Connie Boswell aka Connee Boswell aka CBOZ

The Boz whose voice could make us lie on the levy, turn black as coal, and our hearts won’t be heavy ’cause we got CBoz in our soul – Oh Lord!

boswell 015 Born: Kansas City, MO, December 3, 1907
Died: New York City, October 12, 1976
Hair Color: Black-Brown
Eye Color: Dark Brown
Complexion: Fair
Height: 4′ 11″
Marriage: Harry Leedy 1935
Children: No children but lots of dogs


CBoz is music. She fits the metaphor completely. After a bout of polio left her legs partially paralyzed her mother used music as therapy. Giving CBoz a half-sized cello (an instrument she could play seated) she began lessons at age 4. Her talents came to the fore quickly and she soon performed with MBoz on the piano, at the Philharmonic as a featured artist and as a soloist in local programs including the passion play Veronica’s Veil staged at the French Opera House.

Like her sisters, CBoz studied music with Professor Otto Finck and became proficient on the piano at an early age. But it was New Orleans. It was the beginning of the jazz age. And the Bach fugues soon gave way to ragtime and CBoz learned to play the saxophone (which she played in a “barrelhouse style”). But neither she nor her sisters ever took voice lessons. They listened to their parents sing barbershop-style with their aunt and uncle, and began harmonizing along the way.

CBoz recalled her greatest musical influences were Enrico Caruso (she marveled at his breathing and the way it allowed him to hold notes) and Mamie Smith, an African American blues singer. A lot of Mamie and a little bit of Bessie Smith can he heard in CBoz’s first recorded solo, Cryin’ Blues. How wonderfully strange it must have been in 1925 to see this tiny, young, middle class white girl belting and growling through a song of unrequited love. But it became a hit record in the south and paved the way for a great singing career.

As a soloist, CBoz was one of the first to truly appreciate what a microphone could do for a singer. Although capable of projecting her voice to be heard unmiked into the rafters of the largest auditorium, she sang soft and low into the microphone, creating an intimacy that singers would imitate forever after. Unlike most of her contemporaries, she sang in a style closer to her speaking voice the than falsetto favored by European singers. She borrowed liberally from African-American, Latin, jazz and folk idioms and rolled it up into a style that generations of musicians would follow. Her pitch was low and range not wide, but the beauty of her voice, the preciseness of her diction, and flawless phrasing set the standard for popular singing. Irving Berlin preferred her interpretations of his songs above all others and Ella Fitzgerald has always credited her with being the one person who influenced her. Although her style changed over time, and years in smoky nightclubs quickened her vibrato and made her voice huskier, she remained one of the greatest voices in America until the end.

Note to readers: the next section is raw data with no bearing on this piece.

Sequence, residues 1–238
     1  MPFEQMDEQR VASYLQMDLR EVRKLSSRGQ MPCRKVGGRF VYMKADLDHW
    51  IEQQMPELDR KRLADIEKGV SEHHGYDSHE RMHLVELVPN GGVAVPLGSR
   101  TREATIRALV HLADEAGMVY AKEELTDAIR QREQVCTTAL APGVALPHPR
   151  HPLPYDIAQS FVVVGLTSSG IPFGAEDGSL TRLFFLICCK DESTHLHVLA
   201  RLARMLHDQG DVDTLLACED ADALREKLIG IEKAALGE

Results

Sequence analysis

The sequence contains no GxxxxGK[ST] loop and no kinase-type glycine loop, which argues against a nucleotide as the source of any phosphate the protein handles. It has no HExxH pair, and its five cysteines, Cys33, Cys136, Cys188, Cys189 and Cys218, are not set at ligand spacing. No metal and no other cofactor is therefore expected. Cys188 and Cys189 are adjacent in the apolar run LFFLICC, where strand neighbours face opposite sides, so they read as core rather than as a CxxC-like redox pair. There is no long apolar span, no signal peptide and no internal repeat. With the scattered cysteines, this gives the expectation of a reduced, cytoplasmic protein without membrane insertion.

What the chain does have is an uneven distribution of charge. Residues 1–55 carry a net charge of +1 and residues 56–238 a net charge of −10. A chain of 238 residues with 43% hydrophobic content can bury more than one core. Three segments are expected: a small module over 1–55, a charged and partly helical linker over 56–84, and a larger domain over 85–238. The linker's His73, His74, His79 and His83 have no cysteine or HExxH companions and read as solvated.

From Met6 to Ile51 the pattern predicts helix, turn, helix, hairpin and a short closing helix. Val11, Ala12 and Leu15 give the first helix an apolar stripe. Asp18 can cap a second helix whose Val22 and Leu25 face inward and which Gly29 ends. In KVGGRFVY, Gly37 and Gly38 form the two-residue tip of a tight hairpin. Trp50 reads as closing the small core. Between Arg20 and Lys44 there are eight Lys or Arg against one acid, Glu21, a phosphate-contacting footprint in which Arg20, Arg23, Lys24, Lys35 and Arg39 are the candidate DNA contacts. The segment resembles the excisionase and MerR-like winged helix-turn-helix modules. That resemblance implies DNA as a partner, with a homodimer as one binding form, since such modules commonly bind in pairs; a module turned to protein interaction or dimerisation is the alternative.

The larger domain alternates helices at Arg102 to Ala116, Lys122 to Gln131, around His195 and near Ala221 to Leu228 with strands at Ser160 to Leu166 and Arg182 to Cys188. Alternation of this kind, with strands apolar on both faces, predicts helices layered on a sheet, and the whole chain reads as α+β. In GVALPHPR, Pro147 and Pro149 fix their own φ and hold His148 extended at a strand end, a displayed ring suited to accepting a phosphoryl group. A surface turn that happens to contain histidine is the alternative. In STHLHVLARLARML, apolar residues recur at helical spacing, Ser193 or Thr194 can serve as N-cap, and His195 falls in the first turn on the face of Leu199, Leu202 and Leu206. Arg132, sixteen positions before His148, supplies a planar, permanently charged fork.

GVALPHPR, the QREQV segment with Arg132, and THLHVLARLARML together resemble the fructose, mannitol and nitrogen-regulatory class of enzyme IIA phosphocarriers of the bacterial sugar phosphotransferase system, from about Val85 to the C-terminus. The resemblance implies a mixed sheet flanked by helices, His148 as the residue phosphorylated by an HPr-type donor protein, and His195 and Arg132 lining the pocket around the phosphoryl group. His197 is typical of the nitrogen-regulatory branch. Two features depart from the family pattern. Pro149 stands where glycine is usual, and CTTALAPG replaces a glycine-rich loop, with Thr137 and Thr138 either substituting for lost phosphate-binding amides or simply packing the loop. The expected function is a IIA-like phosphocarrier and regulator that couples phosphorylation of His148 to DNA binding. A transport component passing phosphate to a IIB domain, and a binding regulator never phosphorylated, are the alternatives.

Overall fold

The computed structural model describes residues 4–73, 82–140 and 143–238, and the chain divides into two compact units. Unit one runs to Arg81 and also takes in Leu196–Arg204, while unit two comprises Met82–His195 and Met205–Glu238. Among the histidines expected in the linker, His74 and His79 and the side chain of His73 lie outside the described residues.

CBoz is generally credited with being the primary arranger of the Boswell Sister’s music. While there is no doubt that CBoz wrote the charts, the Sisters worked out the harmonies as a unit. She told a reporter that she and her sisters would work out an arrangement by having Martha play the music through once as it was written. Then they would begin working on the harmonies at the end of the song and work their way to the beginning.

She also provided a great musical foil for Bing Crosby, and their friendly, intimate banter helped them launch a series of hits in the 30s and 40s.

Another trend born of the mind of CBoz was swinging the classics. She took the English lyrics to Von Flotow’s “M’appari tutt’amor” and turned it into the jazz classic, Martha. She later gave Ah, Sweet Mystery of Life a bounce.

There were also several songs written by CBoz and under her nom de plume Diana Foore. She performed most of them, including Never Had A Lesson in My Life, Lummir Alla Zingen, Main Street on Saturday Night, You Ain’t Got Nothin’, and I Don’t Mind.

Active on stage and radio since 1922, Connie would record, make movies, appear on Broadway and tour across the globe for the next 40 years. She even starred in the TV series Pete Kelly’s Blues in 1959. When you add the Boswell Sisters and CBoz’s recordings together they cut over 300 sides and sold over 75 million records.


CBoz has been described as tiny, intense and brilliant. She loved to talk. She told an interviewer that sometimes when she was on the road she’d be asked to make an appearance at a TV or radio station. But then they might tell her they didn’t have a script and needed 30 minutes worth of interview. She laughed and said for her that was as easy as falling off a log.

Her sister Vet described her as “silly.” She loved to play pranks and the trio was known to terrorize their neighbors with practical jokes. She also loved sports and could often be found out for a football or baseball game.

Songwriter Jack Lawrence described CBoz as “Always smiling.” Kay Starr recalled her compassion and her willingness to give her time to help those whose handicaps had left them despondent.

She loved to exercise, ride her bike and became very physically fit. She could party with the best of them and could hold her own with Mae West or Dean Martin. She was also a dedicated Democrat and loved to talk politics.